The two latter-mentioned albums together form the apex of Quorthon’s creative legacy, since his later albums never quite captured both the grandeur and the freshness of ‘Hammerheart’ and ‘Twilight…’. This is not unusual for bands and musicians. There are peaks and downs and peaks again. Who knows; if heart failure hadn’t ripped Quorthon away from us in 2004, we could have been in the middle of his comeback with a series of intense and relevant albums, just like we’ve seen it with so many other older bands.

Anyway, speculations about a future that never was to be are futile, and we can just observe how many black and Viking metal bands would not have existed without Bathory. If I were to point to any band who have earned themselves the right to pick up the torch from Bathory and carry on the flame of those Northern fires, it would indeed be Ereb Altor.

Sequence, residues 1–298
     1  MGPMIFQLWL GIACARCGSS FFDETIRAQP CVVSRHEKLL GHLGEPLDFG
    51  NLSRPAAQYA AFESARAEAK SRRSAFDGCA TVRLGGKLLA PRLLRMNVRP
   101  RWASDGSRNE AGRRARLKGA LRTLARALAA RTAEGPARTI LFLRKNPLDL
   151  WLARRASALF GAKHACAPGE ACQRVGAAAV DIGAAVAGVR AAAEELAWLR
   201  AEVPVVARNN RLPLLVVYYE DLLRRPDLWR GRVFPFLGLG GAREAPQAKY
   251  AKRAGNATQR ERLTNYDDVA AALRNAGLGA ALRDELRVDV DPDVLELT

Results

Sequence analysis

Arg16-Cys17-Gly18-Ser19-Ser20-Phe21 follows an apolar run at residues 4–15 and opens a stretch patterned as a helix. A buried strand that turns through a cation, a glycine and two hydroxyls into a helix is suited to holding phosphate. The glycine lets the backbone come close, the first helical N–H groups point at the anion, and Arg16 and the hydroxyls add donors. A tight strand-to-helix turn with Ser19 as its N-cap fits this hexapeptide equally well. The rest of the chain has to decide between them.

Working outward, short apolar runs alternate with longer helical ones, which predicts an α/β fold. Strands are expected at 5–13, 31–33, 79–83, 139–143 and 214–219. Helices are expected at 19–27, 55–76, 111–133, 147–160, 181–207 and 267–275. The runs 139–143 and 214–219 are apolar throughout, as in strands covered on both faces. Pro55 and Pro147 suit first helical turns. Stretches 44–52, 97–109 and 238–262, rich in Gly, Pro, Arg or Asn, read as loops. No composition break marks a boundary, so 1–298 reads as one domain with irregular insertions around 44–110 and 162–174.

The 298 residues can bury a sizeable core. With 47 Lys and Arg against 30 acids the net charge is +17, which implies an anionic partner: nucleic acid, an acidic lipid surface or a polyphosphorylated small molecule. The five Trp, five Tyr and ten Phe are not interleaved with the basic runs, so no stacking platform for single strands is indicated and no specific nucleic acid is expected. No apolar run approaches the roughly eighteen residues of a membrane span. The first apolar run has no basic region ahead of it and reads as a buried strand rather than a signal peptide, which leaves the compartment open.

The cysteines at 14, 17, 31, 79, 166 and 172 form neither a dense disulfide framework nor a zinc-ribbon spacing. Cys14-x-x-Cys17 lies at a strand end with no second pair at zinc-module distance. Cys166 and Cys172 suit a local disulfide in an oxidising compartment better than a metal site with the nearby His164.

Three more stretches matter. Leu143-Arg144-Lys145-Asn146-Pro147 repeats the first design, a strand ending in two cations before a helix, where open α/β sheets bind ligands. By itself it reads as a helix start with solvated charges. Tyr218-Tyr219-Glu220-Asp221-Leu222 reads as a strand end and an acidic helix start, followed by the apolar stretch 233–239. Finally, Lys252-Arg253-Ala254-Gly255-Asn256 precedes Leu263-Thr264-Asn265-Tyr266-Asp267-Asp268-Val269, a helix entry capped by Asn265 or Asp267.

With a considerable number of releases now, the Swedish quartet have shown how to strike a balance of on the one hand paying perfect homage to Quorthon and on the other hand to create their own music. Apparently, the time has now finally come for Ereb Altor to make an actual tribute album to the old master. Hence, this cover album, ‘Blot – Ilt – Taut’ (very cleverly entitled so: it means ‘Blood – Fire – Death’ in old Swedish).

The general impression of the album is that it stays true to Bathory’s versions of the songs without being exact copies, and at the same time, this is also an update, even fine tuning, of the material. I’d claim that it can only be so because Ereb Altor have been so close to the heart of the matter for so many years now. Again relying on my overactive imagination, I could picture this as Quorthon’s re-recordings with today’s technology to celebrate the 25th anniversary of ‘Twilight of the Gods’ or his 50th birthday or whatever.